When Bill Quinn became pastor at St. Eulalia in November 1967, there was no question about the central issue he would confront. The civil rights movement for social justice was on the nation’s front burner. Its heat was being felt in Maywood’s neighborhoods and housing market. Long a majority (90%) middle class white community of tidy bungalows, Maywood was seeing rapid racial change. There were rumors of block-busting by realtors. Fires were threatened at homes of new black residents —and at least one garage burned.
There was little doubt about the new pastor’s passion for social justice. He had already marched with Martin Luther King at Selma and Chicago and Washington. He marched with migrant workers in California, and Cesar Chavez was a personal friend who stayed at the parish when he was in Chicago to demonstrate. So it was no surprise when Quinn took a strong stand against housing discrimination and welcomed blacks into Maywood and into the parish.
He met opposition. There were rumors of threats to burn down the church, and one real attempt. There is a story of one parishioner telling Quinn he had a gun with two bullets, one for the black that moves in next door, and the other for the realtor who sold him the house. Quinn had to declare that attitude unwelcome at St. Eulalia. That parishioner left. Over time, others also opted out of the changing parish and left Maywood. As white Catholics moved out of Maywood, black non-Catholics moved in. Within a few years, parish membership shrank from 3,000 to 1,000.
Parishioners, officials, and guests gathered at the Quinn Community Center on October 3rd to celebrate the legacy of Monsignor William J.Quinn, for whom the center is named. Members of the St. Eulalia Roman Catholic Church who knew Monsignor Quinn during his time as pastor there, shared their memories of the tremendous acts of service that made him one of the great social leaders in the area.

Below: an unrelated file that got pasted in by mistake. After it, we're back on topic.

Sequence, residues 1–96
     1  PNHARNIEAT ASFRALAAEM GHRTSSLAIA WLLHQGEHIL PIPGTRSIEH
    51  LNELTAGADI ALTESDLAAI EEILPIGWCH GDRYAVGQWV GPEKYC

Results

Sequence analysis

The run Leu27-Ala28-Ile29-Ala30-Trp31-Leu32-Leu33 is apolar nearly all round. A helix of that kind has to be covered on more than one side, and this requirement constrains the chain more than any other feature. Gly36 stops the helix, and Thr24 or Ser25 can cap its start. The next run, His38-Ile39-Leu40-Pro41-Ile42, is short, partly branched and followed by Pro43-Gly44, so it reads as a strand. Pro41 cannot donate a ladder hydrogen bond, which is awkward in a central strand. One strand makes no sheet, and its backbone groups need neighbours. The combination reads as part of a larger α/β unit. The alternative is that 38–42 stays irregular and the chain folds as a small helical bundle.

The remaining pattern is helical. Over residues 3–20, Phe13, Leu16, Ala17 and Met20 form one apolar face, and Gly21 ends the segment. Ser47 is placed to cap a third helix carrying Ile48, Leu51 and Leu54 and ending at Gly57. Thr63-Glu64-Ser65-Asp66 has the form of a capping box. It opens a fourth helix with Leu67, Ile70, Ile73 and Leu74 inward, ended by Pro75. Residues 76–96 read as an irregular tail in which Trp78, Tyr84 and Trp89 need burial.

Monsignor Quinn was raised on the West Side of Chicago, attended Resurrection School in Chicago before entering Quigley Preparatory Seminary. He was ordained in 1941 and then became assistant pastor at St. Gall Parish in Chicago.
When Bill Quinn became pastor of St. Eulalia in 1967, change was everywhere. From a perch almost 50 years later, it is hard to remember—or for those who did not experience it, to imagine—how much of the familiar world seemed suddenly upside down. From the global level–where the Vietnam War divided our country and the world, to the neighborhoods of Maywood–experiencing sudden racial change, to the church–where the fresh air of Vatican II was just beginning to penetrate musty thinking and practice, everything seemed up for grabs. At the parish level, St. Eulalia had been on a boom period. The new church, built for a parish of 3,000, was completed in 1964. The school had 1200 students, with three classes for some grades. Plans were drawn up for more building. A baptistry was to be added to the church. Money was already collected for a new rectory. But before the building could begin, the pastor, Monsignor Musick, suddenly died. The appointment of Quinn as the new pastor thrust him into guiding St. Eulalia through a period of deep and dramatic change.